An inquiry-based approach is more web-like in how students pursue knowledge, as opposed to the linear, vertical and compartmentalized structure of traditional education. As the web-like Internet increasingly permeates society and education, the traditional structures adapt to the forms of the new media. Olympicpedia Camp is a less traditional structure and more web-like.

In the inquiry-based learning projects, key choices are driven by students. Content creation is fully owned by the students. Instructors act more as coaches, guides, and facilitators who help learners arrive at their "true" questions -— the things they really care about. When students choose the questions, they are motivated to learn and they develop a sense of ownership about the project and in turn about the specific wiki pages and eventually forge a bond to the muscles and strains in the games themselves.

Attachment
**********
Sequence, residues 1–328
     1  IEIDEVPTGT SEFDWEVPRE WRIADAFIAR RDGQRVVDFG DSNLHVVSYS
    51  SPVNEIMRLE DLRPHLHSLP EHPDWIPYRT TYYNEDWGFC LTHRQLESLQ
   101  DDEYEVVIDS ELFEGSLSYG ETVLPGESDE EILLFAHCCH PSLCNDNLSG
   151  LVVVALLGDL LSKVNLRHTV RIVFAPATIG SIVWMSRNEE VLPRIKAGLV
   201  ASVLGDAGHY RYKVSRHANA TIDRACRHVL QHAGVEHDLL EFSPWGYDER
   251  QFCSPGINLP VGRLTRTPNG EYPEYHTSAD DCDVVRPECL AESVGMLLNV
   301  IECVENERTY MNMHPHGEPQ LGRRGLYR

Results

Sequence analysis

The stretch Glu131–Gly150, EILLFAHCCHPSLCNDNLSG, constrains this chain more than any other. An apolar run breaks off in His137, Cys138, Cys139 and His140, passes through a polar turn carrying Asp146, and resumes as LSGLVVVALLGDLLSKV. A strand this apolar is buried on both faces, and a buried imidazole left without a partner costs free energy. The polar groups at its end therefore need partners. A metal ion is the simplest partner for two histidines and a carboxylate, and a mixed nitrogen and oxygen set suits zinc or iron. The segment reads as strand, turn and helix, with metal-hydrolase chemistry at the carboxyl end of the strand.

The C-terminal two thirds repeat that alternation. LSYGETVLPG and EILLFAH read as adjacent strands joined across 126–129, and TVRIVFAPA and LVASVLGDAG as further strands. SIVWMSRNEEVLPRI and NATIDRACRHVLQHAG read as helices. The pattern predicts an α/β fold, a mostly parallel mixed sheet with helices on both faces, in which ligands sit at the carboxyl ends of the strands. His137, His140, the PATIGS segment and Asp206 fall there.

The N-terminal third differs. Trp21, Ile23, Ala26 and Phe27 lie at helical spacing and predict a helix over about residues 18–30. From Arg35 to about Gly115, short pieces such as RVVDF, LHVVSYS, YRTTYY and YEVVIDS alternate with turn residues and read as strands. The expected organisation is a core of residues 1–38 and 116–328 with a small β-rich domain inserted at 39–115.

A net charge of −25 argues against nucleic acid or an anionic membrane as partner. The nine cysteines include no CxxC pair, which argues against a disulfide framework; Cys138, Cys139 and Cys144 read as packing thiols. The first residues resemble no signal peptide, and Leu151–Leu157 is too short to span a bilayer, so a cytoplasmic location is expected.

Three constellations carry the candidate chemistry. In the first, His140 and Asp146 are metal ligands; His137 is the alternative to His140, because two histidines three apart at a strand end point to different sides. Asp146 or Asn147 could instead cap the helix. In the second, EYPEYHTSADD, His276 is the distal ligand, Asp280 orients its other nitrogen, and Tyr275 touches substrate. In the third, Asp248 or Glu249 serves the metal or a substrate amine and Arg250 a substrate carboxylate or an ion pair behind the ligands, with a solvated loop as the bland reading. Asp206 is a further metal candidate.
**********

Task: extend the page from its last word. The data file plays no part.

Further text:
Inquiry-based learning projects are with structure. The Olympics are not a free-for-all playground. Sports have rules. Olympicpedia Camp is differently structured. As such, Olympicpedia Camp may require even more planning, preparation, and responsiveness from the directors, educators and volunteer community. It's just that the lesd teacher's role is different within the camp day.

Olympicpedia Camp Instructors adopt an inquiry-based learning approach and help students identify and refine their "real" questions into learning projects of literacy and wiki page opportunities. The teachers then guide the subsequent discovery, research, inquiry, discussion, outreach, reporting, presenting and evaluation processes.